The emergence of e-commerce has created new financial needs, which cannot be effectively fulfilled by the traditional system of payment. More so, all interested parties are exploring various types of electronic payment system and issues surrounding electronic payment system. With the growing complexities in the e-commerce transactions, different electronic payment systems have been identified and classified. Dennis (2001) classified electronic payment system into two categories: (1) Electronic Cash and (2) Electronic Debit-Credit Card Systems. Kalakota and Whinston (1996) identified three types of electronic payment systems: (1) Digital Token based electronic payment systems, (2) Smart Card based electronic payment system and (3) Credit based electronic payment systems. Anderson (1998) classified electronic payment systems into four: Online Credit Card Payment System, Electronic Cheque System, Electronic Cash System and Smart Card based Electronic Payment System. Murthy (2002) further classified electronic payment systems into six, based on the kinds of information being transferred online: (1) PC-Banking (2) Credit Cards (3) Electronic Cheques (i-cheques) (4) Micro payment (5) Smart Cards and (6) E-Cash. Each payment system has its advantages and disadvantages for the customers and merchants. These payment systems vary in terms of security, acceptability, convenience, cost, anonymity, control, and traceability requirements.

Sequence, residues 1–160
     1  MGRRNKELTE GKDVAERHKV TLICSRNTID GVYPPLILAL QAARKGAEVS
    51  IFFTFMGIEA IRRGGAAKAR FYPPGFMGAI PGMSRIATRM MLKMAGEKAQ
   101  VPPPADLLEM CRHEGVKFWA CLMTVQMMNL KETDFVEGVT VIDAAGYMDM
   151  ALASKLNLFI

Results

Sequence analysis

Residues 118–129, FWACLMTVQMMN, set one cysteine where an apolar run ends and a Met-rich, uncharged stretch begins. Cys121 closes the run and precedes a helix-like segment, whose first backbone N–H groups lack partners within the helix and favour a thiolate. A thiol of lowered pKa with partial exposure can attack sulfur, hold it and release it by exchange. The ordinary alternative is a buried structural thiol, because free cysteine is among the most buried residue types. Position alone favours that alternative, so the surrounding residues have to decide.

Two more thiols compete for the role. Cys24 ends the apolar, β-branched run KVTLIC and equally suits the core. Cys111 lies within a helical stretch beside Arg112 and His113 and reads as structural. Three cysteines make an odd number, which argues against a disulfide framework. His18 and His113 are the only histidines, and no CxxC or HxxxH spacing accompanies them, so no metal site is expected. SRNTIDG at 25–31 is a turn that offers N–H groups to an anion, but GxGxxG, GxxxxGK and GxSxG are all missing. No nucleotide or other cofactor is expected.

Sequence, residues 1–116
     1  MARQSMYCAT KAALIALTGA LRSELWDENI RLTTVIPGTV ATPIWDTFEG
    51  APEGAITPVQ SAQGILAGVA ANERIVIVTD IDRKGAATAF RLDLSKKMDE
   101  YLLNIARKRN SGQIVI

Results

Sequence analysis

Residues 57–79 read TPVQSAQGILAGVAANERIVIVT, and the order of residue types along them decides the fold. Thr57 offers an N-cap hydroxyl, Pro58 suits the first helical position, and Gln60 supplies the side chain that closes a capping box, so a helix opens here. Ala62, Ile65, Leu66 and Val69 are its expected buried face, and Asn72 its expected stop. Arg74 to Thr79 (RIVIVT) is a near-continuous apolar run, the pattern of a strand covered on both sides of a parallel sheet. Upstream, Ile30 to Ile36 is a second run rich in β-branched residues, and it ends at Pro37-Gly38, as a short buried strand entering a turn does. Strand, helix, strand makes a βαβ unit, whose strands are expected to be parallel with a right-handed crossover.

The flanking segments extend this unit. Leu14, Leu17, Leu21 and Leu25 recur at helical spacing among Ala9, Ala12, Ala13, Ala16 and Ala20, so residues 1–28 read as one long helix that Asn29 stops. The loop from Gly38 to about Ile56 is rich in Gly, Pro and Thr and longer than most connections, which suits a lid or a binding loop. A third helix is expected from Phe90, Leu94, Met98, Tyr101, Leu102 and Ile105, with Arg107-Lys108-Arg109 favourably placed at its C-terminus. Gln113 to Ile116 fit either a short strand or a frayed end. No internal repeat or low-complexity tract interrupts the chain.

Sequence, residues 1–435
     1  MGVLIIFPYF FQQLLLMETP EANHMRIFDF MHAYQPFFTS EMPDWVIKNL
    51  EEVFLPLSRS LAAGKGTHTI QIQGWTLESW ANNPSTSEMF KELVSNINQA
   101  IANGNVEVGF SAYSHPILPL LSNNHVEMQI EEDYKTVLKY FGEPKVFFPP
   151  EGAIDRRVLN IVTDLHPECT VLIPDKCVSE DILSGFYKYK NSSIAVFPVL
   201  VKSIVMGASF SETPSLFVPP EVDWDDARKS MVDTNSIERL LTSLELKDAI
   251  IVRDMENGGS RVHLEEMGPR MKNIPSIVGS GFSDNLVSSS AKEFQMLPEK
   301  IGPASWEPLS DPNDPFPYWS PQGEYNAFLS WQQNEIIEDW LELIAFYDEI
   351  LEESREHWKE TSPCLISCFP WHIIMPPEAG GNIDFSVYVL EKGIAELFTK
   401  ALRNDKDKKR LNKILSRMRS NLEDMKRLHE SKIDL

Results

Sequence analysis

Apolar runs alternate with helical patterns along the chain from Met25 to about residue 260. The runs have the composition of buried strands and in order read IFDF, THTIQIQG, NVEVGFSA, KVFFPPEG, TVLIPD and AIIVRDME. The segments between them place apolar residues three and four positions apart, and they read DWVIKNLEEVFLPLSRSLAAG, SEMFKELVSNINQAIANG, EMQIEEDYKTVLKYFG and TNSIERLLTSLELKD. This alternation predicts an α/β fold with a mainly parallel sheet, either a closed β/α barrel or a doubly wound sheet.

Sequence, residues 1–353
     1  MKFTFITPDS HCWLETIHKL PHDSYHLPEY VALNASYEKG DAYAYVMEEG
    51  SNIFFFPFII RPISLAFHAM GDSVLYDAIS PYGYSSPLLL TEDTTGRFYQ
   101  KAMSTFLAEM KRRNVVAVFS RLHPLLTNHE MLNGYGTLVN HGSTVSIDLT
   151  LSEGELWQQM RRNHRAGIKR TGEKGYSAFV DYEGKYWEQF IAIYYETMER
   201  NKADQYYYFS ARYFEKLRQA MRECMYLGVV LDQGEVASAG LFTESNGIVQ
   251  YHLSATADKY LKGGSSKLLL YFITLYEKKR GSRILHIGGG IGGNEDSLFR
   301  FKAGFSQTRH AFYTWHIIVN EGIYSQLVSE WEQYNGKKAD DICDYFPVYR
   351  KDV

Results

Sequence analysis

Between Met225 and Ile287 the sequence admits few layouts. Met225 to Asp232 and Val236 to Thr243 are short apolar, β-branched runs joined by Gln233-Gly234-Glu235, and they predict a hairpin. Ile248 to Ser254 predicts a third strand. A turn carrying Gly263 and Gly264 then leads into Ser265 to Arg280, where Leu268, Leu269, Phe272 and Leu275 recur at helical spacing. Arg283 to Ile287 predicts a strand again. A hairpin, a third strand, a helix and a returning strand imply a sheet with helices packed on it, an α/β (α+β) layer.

Electronic payment system is conducted in different e-commerce categories such as Business-to-Business (B2B), Business-to-Consumer (B2C), Consumer-to-Business (C2B) and Consumer-to-Consumer (C2C). Each category of e-commerce has special characteristics such as value of order and ease of transaction. Danial, (2002) classified electronic payment systems in terms of the type of e-commerce and the value of money involved as follows: 1). Micro Payment (less than $ 10) that is mainly conducted in C2C and B2C e-commerce, 2). Consumer Payment (between $ 10 and $ 500) conducted mainly in B2C transactions, and 3). Business Payment (more than $ 500 value) conducted mainly in B2B e-commerce. Cavarretta and de Silva (1995) had a wider range in the last two of the categories: 1). Tiny value transactions (below $1), 2). medium value transactions (between $1 and $1000), and 3). large value transactions (above $1000). According to Turban et al (2004), B2B transactions account about 95% of e-commerce transactions, while others account about 5%. The C2C category transactions, is relatively small due to its stiff usability. According to Cavarretta and de Silva (1995), systems that can support tiny value transactions have to trade-off between conveniences of transactions (the major part of a cost in an extremely cheap transaction) vs. the security or durability of transactions. On the other side of the amount range, large value transactions will require highly secure protocols whose implementations are costly: be on-line and/or carry traceability information. Nearly all the systems can perform medium value transactions.